One of the questions on which Laurat holds a different view from that of the S.P.G.B. is that of Socialists collaborating with capitalist parties. His argument is that in the period of ferment after the last war “the strength of the Socialist parties had very considerably increased. Socialism judged, with very good reason . . . that it was now strong enough to exercise a considerable, if not decisive influence on the Government. However, it was nowhere strong enough to take power alone ” (p.152)
There were three alternatives: (1) To share power with bourgeois parties whilst waiting until they had won over a majority of the electorate ; (2) to entrench themselves in intransigent opposition and decline the responsibilities of power until the situation was ripe; and (3) to try to seize power by force.
The last solution was the Bolshevik solution. It failed to produce Socialism and necessarily failed to do so:—
“Even in power alone, ruling by terror, and no longer hampered by the resistance of their bourgeois colleagues, the Socialist ministers, or commissars of the people, would still find themselves face to face with hard economic reality, peremptorily forbidding the immediate establishment of Socialism.” (p.153)
The second solution he likewise rejects, because “when a Socialist party has between 40 and 45 per cent, of the seats in Parliament it is impossible for it to abstain from participation except at the price of feebly handing over power to a bourgeois coalition in which the extreme Right would have every chance of seizing the principal levers of government and weakening democracy ” (pp.153-4)
“Nothing remains in practice but the first solution: Socialist participation in the Government, in spite of all the risks attached to it ” (p.154)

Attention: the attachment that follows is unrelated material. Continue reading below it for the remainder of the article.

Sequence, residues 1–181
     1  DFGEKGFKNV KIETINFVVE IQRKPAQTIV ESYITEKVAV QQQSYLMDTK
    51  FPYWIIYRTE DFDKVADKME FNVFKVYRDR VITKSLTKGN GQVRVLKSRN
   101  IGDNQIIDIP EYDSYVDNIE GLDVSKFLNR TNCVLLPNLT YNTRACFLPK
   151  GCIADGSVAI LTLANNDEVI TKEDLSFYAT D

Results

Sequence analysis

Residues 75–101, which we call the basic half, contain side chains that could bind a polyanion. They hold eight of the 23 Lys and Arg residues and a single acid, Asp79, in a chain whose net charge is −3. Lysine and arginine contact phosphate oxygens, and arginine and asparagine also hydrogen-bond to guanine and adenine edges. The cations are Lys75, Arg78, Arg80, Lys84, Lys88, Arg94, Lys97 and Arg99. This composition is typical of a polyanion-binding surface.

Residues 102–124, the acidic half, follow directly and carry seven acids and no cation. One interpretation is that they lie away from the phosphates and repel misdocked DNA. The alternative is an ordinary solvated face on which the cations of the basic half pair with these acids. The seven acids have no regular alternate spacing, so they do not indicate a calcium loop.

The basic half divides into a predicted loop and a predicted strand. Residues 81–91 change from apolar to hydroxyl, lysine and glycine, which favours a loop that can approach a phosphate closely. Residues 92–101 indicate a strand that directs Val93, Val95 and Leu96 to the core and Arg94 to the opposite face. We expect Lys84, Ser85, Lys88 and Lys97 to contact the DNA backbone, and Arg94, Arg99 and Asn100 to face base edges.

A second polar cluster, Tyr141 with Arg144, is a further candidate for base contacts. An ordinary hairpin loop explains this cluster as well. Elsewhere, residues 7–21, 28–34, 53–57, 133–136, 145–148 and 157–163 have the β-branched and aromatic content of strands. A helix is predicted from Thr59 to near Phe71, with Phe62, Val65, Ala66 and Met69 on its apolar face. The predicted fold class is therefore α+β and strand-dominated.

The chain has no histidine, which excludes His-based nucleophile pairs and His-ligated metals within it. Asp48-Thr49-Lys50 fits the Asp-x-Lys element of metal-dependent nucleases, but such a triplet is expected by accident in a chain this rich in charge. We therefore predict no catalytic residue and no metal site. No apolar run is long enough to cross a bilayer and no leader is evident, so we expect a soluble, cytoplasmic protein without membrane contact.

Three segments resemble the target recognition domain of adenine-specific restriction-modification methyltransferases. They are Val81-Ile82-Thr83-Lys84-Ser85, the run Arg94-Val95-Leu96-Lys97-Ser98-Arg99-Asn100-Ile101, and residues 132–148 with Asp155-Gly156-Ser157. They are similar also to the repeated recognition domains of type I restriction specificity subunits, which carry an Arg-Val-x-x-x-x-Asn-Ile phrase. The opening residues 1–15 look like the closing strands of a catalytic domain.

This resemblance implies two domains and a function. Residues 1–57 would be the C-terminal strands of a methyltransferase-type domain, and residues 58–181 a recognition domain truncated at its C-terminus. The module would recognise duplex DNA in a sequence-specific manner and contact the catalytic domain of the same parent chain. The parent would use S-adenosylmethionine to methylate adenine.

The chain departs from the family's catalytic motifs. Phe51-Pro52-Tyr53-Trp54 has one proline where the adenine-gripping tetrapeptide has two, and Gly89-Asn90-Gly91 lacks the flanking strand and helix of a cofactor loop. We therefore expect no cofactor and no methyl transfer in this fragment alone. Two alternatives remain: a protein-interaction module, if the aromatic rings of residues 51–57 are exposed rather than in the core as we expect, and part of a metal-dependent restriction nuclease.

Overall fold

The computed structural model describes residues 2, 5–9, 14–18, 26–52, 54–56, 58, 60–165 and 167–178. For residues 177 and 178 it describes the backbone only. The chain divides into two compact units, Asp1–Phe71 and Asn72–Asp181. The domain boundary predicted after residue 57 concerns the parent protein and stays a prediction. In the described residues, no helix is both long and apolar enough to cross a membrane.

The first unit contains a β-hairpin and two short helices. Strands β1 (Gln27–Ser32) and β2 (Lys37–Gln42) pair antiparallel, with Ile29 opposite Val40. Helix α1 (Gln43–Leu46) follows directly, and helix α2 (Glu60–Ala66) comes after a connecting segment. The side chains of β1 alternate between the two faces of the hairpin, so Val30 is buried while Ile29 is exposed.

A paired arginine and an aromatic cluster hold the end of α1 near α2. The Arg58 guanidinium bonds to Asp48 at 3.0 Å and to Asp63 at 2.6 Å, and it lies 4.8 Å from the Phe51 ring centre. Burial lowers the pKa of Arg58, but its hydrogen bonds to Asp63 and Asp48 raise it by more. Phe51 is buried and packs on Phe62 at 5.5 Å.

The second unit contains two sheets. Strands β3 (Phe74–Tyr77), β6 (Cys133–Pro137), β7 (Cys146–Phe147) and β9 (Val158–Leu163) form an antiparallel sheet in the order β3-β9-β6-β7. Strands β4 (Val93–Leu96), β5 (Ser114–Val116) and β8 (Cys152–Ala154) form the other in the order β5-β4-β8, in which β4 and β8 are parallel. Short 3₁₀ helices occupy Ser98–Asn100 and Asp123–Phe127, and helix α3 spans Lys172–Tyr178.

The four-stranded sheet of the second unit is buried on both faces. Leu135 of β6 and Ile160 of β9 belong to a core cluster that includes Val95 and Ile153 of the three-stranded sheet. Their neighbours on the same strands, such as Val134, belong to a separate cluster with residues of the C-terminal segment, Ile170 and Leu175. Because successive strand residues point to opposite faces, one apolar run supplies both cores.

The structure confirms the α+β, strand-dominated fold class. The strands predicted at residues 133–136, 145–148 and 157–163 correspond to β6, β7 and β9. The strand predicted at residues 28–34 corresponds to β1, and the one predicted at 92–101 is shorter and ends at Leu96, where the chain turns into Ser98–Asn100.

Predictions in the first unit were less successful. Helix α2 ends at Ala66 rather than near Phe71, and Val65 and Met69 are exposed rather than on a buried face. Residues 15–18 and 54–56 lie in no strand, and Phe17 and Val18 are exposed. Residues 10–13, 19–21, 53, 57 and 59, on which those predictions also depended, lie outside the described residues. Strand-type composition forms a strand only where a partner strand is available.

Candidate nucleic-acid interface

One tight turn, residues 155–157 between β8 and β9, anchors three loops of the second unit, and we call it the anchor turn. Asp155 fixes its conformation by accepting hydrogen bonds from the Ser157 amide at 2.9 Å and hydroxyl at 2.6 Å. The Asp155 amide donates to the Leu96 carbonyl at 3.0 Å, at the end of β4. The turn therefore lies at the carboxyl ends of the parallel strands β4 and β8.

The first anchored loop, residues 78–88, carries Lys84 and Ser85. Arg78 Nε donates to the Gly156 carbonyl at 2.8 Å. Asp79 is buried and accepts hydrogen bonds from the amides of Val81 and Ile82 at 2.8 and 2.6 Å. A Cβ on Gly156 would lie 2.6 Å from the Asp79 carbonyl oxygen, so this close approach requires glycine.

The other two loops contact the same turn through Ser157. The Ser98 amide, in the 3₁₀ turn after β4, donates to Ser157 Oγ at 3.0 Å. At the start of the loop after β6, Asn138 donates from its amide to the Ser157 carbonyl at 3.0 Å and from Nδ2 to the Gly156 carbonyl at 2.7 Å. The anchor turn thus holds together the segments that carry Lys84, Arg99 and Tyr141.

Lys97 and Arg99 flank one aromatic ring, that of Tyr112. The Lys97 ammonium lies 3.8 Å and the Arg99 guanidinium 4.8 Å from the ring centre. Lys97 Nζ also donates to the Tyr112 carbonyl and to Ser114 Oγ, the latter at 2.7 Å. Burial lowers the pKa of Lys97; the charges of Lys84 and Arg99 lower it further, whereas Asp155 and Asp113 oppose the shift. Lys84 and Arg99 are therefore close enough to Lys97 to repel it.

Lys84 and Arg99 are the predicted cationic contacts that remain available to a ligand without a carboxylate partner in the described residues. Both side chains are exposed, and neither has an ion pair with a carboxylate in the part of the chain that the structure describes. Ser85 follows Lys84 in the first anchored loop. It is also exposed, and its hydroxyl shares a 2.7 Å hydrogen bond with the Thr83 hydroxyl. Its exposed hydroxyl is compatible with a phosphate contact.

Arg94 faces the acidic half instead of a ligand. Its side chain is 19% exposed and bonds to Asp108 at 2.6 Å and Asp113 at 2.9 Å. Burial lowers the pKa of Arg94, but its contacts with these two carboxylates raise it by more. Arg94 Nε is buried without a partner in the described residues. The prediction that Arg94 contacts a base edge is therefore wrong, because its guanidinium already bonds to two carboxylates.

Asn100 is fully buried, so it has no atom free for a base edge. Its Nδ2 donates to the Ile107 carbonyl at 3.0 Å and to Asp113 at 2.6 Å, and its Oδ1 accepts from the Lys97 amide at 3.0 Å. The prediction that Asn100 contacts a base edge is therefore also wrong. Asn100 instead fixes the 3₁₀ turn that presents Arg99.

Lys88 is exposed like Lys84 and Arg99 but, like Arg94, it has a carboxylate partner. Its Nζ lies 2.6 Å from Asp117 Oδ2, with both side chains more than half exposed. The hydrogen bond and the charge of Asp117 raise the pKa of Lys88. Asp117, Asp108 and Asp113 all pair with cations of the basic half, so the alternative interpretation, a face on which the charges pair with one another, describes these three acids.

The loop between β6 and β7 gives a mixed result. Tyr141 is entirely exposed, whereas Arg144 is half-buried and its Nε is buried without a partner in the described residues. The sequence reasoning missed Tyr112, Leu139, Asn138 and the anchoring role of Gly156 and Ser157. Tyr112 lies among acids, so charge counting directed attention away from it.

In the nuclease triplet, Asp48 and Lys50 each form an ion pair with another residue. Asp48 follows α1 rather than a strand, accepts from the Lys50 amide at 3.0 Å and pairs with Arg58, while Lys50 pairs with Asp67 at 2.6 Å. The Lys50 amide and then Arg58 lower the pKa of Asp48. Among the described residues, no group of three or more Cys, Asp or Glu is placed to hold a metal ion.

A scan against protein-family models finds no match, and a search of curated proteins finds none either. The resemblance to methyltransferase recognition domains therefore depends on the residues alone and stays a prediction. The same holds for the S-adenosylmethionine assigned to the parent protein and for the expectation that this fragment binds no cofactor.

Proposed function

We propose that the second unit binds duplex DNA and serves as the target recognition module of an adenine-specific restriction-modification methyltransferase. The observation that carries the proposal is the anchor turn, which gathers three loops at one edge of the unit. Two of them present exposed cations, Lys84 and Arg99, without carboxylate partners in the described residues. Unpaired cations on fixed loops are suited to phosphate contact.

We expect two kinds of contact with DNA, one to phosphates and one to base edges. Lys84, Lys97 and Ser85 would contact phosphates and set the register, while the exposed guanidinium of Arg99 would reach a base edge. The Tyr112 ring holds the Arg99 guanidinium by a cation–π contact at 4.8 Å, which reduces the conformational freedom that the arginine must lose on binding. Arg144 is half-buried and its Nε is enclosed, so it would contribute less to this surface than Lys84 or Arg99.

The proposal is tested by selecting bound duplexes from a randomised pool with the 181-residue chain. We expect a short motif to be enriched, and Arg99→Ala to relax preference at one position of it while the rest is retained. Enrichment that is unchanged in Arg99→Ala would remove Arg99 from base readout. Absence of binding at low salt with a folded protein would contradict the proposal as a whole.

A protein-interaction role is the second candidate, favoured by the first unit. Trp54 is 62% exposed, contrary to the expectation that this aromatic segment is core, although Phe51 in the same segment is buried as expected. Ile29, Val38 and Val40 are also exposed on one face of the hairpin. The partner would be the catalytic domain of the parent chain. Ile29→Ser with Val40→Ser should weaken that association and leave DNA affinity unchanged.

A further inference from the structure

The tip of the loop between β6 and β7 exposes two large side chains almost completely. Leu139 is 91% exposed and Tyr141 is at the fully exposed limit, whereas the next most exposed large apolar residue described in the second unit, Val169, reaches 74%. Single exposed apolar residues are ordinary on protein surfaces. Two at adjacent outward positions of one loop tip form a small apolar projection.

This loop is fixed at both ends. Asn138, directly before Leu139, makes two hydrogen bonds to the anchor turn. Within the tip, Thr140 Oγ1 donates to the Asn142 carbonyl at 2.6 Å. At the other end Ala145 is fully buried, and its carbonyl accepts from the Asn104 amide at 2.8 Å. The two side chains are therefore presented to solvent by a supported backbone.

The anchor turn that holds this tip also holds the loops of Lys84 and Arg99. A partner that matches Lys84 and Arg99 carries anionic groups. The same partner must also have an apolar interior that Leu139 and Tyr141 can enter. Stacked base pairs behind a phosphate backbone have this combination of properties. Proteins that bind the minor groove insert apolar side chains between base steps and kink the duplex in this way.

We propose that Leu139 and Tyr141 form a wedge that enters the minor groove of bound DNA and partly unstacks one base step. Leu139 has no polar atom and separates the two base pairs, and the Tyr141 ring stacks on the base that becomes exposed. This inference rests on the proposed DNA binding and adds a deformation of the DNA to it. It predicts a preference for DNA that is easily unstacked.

Laurat here fails to face up to the fact that his first “solution” led to the discrediting of the parties that adopted it and in doing so it helped to weaken parliamentary democracy and to turn the workers to Fascist or Communist doctrines of dictatorship. The weakness of his argument should have been obvious to him. He concedes (p.153) that refusing the responsibility of office (which means in all these instances refusing the responsibility of administering capitalism) is conceivable “in countries where the parliamentary representation of Socialism was still relatively feeble.” He also concedes (p.152) that much of the support on which the “Socialist” parties relied was that of “immature” masses who had declared for “Socialism” “often by instinct rather than by knowledge and reflection.” All of which boils down to the simple fact that the “Socialist” parties (by which he means such parties as the Labour Party) had made the fundamental error of building up their membership and fighting elections on a programme which attracted instead of repelling the “immature masses” who did not understand Socialism. In other words, the parties with 40 to 45 per cent. representation in Parliament had it under false pretences.
It is surprising that Laurat is blind to this, because elsewhere he stresses the importance of real Socialist understanding. As he puts it on page 119, these workers are “in need above all things of a strong dose of Socialist education.”
Readers of THE SOCIALIST STANDARD will appreciate Laurat’s final plea that the working class “must reject the ‘ leader ‘ cult more and more categorically. Unfortunately, far too many workers are still addicted to this cult, though it reeks of both Fascism and Bolshevism, and has nothing whatever to do with Marxism (pp.253-4)
As there are other important points in the book it is hoped to return to them in a further article.
It is a pity that the book costs 7s. 6d., and has no index. The translator, Mr. Edward Fitzgerald, is to be congratulated on his work.